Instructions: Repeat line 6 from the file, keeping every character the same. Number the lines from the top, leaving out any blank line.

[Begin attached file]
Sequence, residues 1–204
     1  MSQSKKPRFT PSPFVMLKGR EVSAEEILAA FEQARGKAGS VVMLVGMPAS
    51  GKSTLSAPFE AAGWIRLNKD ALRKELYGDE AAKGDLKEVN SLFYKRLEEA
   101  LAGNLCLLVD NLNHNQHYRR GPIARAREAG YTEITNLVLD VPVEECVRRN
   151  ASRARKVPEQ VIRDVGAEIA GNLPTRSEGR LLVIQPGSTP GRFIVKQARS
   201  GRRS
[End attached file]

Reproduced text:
   201  GRRS